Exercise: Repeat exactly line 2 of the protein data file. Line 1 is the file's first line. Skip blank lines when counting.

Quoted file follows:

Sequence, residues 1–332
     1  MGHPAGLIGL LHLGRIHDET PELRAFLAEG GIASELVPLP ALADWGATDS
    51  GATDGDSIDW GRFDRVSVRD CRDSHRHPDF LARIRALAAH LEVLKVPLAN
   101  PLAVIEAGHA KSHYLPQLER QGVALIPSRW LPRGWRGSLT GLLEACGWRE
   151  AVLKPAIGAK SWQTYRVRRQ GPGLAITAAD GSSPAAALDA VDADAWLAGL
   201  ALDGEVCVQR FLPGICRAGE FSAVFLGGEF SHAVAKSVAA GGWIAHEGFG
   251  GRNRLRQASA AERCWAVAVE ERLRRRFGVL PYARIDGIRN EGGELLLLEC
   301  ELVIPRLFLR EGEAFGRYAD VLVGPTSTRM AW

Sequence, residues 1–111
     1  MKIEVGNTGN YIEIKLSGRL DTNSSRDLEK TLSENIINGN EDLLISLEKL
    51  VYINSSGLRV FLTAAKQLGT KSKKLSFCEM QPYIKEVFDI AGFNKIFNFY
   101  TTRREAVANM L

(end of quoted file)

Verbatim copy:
     1  MGHPAGLIGL LHLGRIHDET PELRAFLAEG GIASELVPLP ALADWGATDS